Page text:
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Tips on 403b Rollover – Rules You Must Know

The 403b rollover rules are not that complicated or even difficult to remember, but being aware of them helps people avoid costly mistakes. The costs are incurred through paying unnecessary taxes. If everything is done correctly and you are not switching from a standard to a Roth plan, there’s nothing to worry about.

Doing everything correctly starts with the selecting the appropriate transaction. If you have already found a new account custodian, you can contact them and ask them to initiate a transfer. When the fund is transferred from one approved custodian to another, the IRS is not contacted.

If you have yet to find a new custodian, then you can leave the fund where it is, if you choose to. You own the account. Moving from one employer to another does not change that. Typically, when you move from one employer to another, you want to transfer the fund, in order to earn the most interest or dividends possible.

But, you may be taking a sabbatical or considering opening your own business, so you might not have a new custodian. That’s when the 403b rollover rules come into play. Rollovers are always reported to the IRS.

The first step to initiate a rollover is to contact the current account custodian. The custodian’s job is to liquidate the assets, in order to make it possible to write you a check. The amount of time that it takes to liquidate the account varies. If there are a lot of stock holdings, selling them all off can take a week or two.

A good custodian will also tell you about the 60-day rule, but they might think that you are already aware of that rule. Basically, you have 60 days to deposit the check with a new custodial company. If you cannot make that deadline for some reason, you will need to contact the IRS and ask for an extension.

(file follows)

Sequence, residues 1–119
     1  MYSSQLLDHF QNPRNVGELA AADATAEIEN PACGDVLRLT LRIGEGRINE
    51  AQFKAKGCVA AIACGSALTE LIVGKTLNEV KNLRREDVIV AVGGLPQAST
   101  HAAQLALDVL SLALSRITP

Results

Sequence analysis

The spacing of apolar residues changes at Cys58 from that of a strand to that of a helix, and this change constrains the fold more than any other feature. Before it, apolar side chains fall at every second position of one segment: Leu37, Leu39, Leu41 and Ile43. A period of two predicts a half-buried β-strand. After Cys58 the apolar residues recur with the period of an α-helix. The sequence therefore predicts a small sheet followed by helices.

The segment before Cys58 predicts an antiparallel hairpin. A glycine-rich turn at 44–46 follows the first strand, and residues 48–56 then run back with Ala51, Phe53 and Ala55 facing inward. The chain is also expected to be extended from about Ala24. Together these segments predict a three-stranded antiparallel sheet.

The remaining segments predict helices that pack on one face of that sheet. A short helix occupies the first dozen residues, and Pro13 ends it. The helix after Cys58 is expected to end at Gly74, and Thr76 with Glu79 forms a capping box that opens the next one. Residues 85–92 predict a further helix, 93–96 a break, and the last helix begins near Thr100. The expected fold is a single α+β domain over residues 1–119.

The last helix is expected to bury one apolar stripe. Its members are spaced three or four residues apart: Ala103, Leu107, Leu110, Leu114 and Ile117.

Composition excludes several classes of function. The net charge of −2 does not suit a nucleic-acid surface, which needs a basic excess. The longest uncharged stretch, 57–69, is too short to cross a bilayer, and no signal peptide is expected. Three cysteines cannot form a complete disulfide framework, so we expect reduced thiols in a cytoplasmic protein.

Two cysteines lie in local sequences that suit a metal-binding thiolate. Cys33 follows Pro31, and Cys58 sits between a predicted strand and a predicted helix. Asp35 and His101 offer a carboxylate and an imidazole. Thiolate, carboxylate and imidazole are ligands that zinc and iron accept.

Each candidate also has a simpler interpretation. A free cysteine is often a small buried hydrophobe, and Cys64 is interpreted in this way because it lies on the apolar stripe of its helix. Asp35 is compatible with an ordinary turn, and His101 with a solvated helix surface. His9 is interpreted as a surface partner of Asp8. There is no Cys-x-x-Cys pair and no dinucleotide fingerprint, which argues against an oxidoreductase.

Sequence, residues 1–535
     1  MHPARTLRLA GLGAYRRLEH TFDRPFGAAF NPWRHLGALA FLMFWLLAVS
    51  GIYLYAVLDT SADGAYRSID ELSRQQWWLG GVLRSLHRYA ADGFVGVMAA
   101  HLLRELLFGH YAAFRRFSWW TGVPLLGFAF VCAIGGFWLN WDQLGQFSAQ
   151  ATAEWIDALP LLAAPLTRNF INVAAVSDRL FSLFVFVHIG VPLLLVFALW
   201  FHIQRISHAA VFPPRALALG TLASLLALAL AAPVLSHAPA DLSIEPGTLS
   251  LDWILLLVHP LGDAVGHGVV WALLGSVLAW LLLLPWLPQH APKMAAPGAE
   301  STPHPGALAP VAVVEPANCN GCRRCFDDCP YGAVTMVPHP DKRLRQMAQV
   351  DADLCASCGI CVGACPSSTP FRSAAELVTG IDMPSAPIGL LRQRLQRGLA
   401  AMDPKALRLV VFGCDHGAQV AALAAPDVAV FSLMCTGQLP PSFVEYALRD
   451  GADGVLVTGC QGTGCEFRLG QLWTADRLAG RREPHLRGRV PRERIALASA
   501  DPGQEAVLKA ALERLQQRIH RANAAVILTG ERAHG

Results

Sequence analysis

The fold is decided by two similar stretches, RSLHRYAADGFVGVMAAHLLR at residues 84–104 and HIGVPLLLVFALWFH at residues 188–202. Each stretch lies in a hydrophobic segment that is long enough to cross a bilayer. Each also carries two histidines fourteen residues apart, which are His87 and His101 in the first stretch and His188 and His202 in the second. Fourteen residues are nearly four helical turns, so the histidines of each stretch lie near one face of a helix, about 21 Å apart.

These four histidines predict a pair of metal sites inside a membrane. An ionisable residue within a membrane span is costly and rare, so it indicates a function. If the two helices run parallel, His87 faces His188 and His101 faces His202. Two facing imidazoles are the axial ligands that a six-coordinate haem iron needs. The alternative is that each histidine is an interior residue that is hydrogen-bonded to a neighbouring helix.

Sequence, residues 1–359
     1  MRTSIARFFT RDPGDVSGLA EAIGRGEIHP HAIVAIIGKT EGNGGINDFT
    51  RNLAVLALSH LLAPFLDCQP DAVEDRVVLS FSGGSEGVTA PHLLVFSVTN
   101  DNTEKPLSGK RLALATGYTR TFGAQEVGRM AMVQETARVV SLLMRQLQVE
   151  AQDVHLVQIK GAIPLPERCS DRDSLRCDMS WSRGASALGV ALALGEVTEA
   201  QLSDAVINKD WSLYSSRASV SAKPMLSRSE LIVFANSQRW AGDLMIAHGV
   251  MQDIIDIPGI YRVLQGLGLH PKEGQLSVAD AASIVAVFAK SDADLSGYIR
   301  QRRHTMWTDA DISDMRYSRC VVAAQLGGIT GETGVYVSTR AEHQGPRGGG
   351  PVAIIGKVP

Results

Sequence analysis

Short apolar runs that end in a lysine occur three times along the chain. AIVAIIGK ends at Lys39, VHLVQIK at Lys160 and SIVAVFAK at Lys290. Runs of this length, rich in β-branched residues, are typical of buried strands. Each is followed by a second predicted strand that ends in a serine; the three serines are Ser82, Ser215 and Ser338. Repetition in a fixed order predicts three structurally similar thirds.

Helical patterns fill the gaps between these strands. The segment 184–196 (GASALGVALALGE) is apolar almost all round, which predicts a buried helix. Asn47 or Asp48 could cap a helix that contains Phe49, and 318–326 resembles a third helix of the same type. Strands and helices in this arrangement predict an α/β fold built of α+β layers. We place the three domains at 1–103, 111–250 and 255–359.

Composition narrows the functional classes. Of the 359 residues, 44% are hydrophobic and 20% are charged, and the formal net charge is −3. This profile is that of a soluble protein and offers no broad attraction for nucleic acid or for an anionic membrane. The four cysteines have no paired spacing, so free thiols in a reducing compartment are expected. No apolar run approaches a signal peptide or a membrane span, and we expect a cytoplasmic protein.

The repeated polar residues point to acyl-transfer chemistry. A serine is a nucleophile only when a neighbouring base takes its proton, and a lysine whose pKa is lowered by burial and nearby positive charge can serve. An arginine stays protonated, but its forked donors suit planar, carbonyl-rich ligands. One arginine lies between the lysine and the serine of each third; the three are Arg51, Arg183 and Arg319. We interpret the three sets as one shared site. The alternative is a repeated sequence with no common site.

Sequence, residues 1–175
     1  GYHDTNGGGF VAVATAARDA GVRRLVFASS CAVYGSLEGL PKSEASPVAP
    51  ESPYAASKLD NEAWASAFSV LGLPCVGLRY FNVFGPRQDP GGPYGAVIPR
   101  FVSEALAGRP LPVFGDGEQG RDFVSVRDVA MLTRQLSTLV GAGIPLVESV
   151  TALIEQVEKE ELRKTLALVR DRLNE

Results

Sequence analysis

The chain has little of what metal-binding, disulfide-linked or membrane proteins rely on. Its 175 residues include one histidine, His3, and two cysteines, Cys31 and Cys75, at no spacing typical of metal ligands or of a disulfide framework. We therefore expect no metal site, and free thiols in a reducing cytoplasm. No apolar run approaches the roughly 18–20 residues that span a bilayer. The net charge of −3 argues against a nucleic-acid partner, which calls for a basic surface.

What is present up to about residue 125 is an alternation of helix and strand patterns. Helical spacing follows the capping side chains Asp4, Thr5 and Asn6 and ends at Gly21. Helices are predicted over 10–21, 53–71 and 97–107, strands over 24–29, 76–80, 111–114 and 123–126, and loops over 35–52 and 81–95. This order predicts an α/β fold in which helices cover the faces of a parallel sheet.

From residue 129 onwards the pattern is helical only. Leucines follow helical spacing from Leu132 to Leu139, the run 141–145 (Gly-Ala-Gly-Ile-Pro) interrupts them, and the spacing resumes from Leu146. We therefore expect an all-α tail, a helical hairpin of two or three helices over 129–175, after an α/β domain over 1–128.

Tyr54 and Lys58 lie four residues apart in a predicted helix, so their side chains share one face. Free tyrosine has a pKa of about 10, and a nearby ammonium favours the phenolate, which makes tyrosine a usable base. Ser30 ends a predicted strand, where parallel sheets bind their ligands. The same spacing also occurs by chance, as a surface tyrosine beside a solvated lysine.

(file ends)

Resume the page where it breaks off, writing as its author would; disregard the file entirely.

The 403b rollover rules do not cover what you can or cannot do with the money during the 60 days. If you needed some extra money for moving expenses, a short-term investment or other purpose, it’s your money. You can do whatever you want with it. But, any portion that is not re-deposited within 60 days must be added to your income for that year.

The new custodian is required to provide the necessary paperwork for your year-end taxes. In short, the 403b rollover rules require the old custodian to contact the IRS and the new custodian to provide you with the necessary paperwork that allows you to avoid being taxed.

You can transfer the fund from one custodian to another, as many times as you like, although some custodians may charge a penalty for paperwork or early withdrawal. You are only allowed to take one rollover during any 12 month period, without incurring taxes for the applicable tax year.

So, the 403b rollover rules are a little different than those regarding a transfer.

Here’s a final bit of advice, in case you are looking for a new custodian. You might want to consider a self-directed provider. It could increase your earnings.